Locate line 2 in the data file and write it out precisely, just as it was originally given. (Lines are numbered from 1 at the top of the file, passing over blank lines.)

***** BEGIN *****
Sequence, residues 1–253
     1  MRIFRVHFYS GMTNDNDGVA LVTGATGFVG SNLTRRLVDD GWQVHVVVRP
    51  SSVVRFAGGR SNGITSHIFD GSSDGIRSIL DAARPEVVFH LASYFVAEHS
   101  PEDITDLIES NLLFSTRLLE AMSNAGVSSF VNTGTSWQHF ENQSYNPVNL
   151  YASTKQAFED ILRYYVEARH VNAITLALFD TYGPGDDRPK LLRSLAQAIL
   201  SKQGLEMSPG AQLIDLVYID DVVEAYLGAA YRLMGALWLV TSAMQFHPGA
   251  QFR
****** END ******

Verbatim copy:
     1  MRIFRVHFYS GMTNDNDGVA LVTGATGFVG SNLTRRLVDD GWQVHVVVRP